Yes. Plaintiff's motion to disqualify defendant's expert who was the inventor of the patent-in-suit was denied. "At the time of the development of the [patent-in-suit], [the expert's former employer] and [plaintiff] were competitors. Both have since been acquired by the same parent company. . . . [The expert's former employer] has assigned the [patent] to [plaintiff], but [plaintiff] has presented no evidence or authority to support the proposition that the confidential relationship between [the expert's former employer] and [defendant's expert] thereby was extended to [plaintiff]."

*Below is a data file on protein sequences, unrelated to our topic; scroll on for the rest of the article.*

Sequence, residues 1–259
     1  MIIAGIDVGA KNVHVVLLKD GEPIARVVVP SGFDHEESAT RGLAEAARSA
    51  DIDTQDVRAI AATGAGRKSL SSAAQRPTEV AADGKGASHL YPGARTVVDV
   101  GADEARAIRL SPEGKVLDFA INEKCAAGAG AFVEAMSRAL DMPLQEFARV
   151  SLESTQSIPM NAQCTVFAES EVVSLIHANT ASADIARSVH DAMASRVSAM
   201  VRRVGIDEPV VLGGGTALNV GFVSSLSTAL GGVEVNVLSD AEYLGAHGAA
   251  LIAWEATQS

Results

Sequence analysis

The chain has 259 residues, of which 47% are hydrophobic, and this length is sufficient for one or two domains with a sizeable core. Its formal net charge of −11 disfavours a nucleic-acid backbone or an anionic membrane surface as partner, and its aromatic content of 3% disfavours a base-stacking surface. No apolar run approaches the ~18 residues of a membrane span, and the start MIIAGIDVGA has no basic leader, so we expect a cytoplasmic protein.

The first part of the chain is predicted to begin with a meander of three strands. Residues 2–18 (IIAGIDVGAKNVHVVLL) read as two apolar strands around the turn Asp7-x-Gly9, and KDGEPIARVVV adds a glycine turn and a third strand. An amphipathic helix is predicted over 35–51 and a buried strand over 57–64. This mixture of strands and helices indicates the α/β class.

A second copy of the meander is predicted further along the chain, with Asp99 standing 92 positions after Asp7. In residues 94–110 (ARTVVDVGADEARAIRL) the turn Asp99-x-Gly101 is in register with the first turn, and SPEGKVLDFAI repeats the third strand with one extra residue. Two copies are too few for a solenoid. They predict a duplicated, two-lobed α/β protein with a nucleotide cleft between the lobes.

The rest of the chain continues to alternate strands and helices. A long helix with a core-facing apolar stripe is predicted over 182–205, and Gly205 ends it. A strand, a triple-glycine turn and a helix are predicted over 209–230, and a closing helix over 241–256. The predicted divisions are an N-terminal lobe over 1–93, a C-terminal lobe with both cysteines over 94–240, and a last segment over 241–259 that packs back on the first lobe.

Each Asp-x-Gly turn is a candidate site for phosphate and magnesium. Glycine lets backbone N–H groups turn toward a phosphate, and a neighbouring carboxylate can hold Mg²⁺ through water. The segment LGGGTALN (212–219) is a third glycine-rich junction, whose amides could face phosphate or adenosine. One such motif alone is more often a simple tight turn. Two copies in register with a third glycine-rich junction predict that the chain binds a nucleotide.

Everpure, LLC v. Selecto, Inc., 2-09-cv-02844 (CACD April 6, 2010, Minutes) (Matz, J.).
No. Plaintiff's motion to disqualify defendant's expert consultant who was an inventor of two of the patents-in-suit was granted. "It is undisputed that [defendant's expert] signed a confidentiality agreement with [his former employer]. . . . However, [defendant] argues that [its expert] never had a confidential relationship with [plaintiff] because [he] had left [his former employer] three years before [plaintiff] purchased [his former employer's] assets. . . . Although most of the disqualification cases involve employees who previously worked for the moving party, the Court sees no reason why the same principles should not apply to a prior employer’s successor-in-interest. . . . The focus is on whether the disclosure was reasonable at the time; it is irrelevant that the subsequent successor-in-interest never directly employed the party."
Broadcom Corp. v. Emulex Corp., 8-09-cv-01058 (CACD April 5, 2010, Minutes) (Selna, J.).